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I have read, used almost all of the following books. The exceptions are those books whose authors I am familiar with, though I may not have read the specific book in question. These are not in any particular order, but those labeled with a lobster are my particular reccomendations, and those labeled with a pie are "easy as pie" and therefore recommended for beginners.

The Way to Cook ~Julia Child
One of Julia's most widely known books, and is a wonderful introduction to cooking like a master chef. Note -- these recipes are meither modern nor time-saving, as the French believe in slow, careful process when they cook. But don't let that deter you, it's worth it if you have the time.

Marcella Cucina ~Marcella Hazan
A relatively new book from Marcella Hazan, her Italian recipes are unrivaled.

Chef Paul Prudhomme's Louisiana Kitchen ~Paul Prudhomme
Cajun food is at it's buttery best in this book from Prudhomme's pre-"Fork in the Road" days.

Three Hundred & Sixty-Five Ways to Cook Pasta
Exactly what it sounds like, this is the book that will let you cook pasta every night all year without repetition. Everything from macaroni and cheese to pasta alla putanesca.

Cooking Light Five-Star Recipes
A cookbook by my favorite food magazine. All Cooking Light recipes are designed with as eye towards health without skimping on the flavor. Meat-and-potato lovers be warned -- these recipes may contain spinach, mangoes, squash and other strange foods.

Joy of Cooking (hardcover) ~Irma Rombauer, Marion Rombauer Becker
This is undoubtedly the greatest resource a cook can have. Although the recipes are somewhat dated now (when was the last time you had kidneys or calf brains in your freezer?), the lessons in how to cook simple, good food are the best available, second only to learning at the hand of your own grandmother.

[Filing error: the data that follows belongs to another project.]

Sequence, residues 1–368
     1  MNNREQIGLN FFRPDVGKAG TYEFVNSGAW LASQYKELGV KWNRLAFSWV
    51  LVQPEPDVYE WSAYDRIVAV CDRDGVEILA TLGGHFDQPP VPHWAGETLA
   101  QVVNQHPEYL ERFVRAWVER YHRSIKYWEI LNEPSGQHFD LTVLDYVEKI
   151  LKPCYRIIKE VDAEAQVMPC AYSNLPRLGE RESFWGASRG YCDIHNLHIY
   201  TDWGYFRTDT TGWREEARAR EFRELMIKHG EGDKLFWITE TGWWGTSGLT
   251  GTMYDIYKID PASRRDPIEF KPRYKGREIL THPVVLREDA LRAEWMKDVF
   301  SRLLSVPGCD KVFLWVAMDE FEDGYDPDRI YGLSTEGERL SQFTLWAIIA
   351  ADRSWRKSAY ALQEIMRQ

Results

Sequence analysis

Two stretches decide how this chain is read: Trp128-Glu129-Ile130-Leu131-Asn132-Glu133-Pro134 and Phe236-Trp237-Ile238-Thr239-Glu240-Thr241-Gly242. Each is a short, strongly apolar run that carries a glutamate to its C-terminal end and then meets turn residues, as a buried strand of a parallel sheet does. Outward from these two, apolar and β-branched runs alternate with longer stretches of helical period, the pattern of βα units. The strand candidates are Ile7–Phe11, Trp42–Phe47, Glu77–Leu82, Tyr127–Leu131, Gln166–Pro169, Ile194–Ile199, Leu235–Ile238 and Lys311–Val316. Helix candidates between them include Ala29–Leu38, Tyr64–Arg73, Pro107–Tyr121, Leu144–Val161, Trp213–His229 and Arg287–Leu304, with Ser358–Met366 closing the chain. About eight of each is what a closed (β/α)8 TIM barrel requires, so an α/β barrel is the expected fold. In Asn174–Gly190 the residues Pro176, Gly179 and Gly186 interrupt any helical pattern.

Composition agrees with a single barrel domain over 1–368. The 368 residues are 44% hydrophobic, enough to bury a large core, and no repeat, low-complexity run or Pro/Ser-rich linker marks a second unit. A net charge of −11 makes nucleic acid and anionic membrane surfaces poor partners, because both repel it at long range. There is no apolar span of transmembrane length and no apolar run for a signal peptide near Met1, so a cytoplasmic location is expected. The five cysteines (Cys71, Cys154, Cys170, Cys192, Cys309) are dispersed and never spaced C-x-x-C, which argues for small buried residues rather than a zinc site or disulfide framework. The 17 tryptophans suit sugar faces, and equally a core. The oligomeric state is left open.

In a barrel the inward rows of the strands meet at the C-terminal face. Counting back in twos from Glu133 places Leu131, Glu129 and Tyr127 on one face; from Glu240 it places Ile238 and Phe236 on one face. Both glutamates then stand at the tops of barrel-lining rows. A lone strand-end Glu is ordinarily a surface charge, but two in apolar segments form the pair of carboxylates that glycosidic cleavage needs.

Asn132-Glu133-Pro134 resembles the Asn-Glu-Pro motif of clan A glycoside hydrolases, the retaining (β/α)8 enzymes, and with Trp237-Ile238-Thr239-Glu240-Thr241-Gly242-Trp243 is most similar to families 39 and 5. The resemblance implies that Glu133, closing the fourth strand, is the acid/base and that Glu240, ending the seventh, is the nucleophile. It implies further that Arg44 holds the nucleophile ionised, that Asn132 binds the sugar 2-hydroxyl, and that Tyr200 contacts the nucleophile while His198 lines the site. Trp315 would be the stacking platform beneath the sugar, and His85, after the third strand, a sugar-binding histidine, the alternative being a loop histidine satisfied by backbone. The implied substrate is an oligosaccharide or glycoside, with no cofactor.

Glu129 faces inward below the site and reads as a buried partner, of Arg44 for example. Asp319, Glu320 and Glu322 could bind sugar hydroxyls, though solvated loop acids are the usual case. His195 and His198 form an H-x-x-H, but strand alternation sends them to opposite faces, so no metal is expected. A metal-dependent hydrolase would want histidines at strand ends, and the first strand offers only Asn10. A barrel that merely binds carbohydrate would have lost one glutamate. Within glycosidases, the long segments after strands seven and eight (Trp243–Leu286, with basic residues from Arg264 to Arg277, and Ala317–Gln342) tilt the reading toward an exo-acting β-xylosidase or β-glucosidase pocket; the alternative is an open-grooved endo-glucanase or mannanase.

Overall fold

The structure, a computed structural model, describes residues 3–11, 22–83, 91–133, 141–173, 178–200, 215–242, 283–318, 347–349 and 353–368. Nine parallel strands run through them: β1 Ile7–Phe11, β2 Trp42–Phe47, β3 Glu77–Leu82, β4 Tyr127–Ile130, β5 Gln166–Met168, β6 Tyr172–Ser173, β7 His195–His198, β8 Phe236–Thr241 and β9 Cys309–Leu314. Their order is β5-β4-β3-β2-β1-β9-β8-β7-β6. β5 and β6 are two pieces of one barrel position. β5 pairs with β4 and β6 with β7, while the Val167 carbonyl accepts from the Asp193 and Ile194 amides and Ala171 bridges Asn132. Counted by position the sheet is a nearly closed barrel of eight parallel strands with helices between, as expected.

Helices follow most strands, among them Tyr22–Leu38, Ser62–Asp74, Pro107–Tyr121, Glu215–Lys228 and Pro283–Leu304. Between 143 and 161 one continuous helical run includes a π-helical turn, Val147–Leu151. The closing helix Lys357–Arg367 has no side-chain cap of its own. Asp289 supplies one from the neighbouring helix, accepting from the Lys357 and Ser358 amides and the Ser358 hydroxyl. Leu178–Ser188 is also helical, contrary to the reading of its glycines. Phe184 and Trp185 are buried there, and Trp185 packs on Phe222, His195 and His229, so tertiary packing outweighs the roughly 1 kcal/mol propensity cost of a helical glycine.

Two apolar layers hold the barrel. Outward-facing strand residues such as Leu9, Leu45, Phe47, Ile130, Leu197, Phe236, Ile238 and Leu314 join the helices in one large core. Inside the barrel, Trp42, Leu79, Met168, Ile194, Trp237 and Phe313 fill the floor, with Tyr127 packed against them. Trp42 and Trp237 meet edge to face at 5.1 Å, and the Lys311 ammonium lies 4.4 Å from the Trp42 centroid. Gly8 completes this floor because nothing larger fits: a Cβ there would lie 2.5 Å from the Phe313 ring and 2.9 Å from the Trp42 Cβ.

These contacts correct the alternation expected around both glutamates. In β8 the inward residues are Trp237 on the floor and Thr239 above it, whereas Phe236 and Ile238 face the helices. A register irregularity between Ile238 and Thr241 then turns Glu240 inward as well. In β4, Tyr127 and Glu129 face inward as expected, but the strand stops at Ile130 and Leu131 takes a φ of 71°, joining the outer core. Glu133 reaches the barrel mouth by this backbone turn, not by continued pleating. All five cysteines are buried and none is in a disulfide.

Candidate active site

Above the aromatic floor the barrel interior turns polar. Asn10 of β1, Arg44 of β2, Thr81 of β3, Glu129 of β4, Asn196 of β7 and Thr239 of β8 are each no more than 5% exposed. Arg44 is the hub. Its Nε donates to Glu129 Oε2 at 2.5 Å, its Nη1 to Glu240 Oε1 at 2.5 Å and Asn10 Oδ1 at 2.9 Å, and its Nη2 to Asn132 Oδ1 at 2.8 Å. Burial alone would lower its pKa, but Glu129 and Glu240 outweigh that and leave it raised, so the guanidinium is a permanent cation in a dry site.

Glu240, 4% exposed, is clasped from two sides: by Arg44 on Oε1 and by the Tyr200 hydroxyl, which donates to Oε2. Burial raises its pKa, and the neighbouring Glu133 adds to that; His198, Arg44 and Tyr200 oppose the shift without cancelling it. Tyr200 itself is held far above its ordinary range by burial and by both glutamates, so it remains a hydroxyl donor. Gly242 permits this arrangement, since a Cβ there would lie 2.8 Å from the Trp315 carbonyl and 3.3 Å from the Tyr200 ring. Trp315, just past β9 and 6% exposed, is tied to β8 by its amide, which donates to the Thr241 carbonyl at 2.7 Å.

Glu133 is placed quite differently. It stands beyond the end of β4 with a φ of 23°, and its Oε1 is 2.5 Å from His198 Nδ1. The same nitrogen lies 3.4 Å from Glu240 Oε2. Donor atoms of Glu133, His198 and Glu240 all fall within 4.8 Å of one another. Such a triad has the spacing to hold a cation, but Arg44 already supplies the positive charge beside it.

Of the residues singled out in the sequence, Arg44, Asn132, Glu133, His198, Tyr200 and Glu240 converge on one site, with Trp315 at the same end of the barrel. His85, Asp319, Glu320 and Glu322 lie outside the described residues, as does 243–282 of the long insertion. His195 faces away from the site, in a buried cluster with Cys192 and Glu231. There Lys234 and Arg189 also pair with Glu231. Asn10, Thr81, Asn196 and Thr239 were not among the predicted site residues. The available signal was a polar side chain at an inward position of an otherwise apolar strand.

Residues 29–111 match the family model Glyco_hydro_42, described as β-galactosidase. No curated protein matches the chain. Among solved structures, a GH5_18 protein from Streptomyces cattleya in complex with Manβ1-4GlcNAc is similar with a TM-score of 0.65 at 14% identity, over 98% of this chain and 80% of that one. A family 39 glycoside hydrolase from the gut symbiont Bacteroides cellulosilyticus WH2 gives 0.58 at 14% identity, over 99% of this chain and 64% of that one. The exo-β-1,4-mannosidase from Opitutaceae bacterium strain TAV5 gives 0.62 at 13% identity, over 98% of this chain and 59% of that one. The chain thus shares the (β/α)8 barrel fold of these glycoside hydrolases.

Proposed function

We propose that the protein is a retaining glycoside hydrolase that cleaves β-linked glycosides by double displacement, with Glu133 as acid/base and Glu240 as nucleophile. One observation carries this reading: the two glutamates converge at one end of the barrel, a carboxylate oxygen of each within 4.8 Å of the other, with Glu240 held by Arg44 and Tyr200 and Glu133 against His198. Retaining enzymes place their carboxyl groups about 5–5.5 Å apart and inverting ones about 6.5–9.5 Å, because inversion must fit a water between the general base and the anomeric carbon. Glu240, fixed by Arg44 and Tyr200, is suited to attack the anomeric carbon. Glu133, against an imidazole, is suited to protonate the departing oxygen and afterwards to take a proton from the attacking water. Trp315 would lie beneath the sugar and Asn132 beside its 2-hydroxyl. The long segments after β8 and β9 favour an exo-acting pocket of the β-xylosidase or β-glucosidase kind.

Joy of Cooking (paperback) ~Irma Rombauer, Marion Rombauer Becker See above for full description. This is cheaper than the hardcover version, but I'd advise against it because I know that "Joy" will get more wear and tear than any other book in your collection.

The New Joy of Cooking ~Irma Rombauer, Marion rombauer Becker, & Ethan Becker
This new edition of the sovereign of cookbooks is diabolical. Long-time "Joy" loyalists like myself are ahsmaed to find ourselves reaching for this book more often than it's beloved but dated older sibling, and yet I still recommend that you buy the old one first. Why? Although the new "Joy" is better in many ways, it lacks the homey voice of Irma Rombauer, and relies too much on French cooking technique in a book originally written for midwestern housewives during the Great Depression. If you already know the basics and want to branch out, buy this one. But be warned that it is no longer "the all-purpose cookbook."

Aphrodite: A Memoir of the Senses

New Basics Cookbook

Moosewood Cookbook ~Mollie Katzen
I have never been to the Moosewood restaurant in Ithaca, NY, but the co-op started by seven pals to make natural food that tastes good has released a sheaf of excellent cookbooks of which this is the first. You may have never heard of some of the ingredients, but don't worry, there's a glossary in the front.

Silver Palate Cookbook
Gourmet fare made easy. Try the salmon mousse!

Moosewood Restaurant Cooks at Home: Fast and Easy Recipes for Any Day ~Mollie Katzen
Another book from the Moosewood restaurant.

Mollie Katzen's Vegetable Heaven: Over 200 Recipes for Uncommon Soups, Tasty Bites, Side-by-Side Dis ~Mollie Katzen All veggies!

Vegetarian Times Vegetarian Beginners Guide

Craig Claiborne's the New York Times Food Encyclopedia ~Craig Claiborne

Craig Claiborne's Kitchen Primer: A Basic Cookbook ~Craig Claiborne
Like Julia Child's "The Way to Cook," this book is a must-have for the beginner. In fact, even more so for most cooks because while Craig can cook gourmet with the best of 'em, he prefers meatloaf to aspic.

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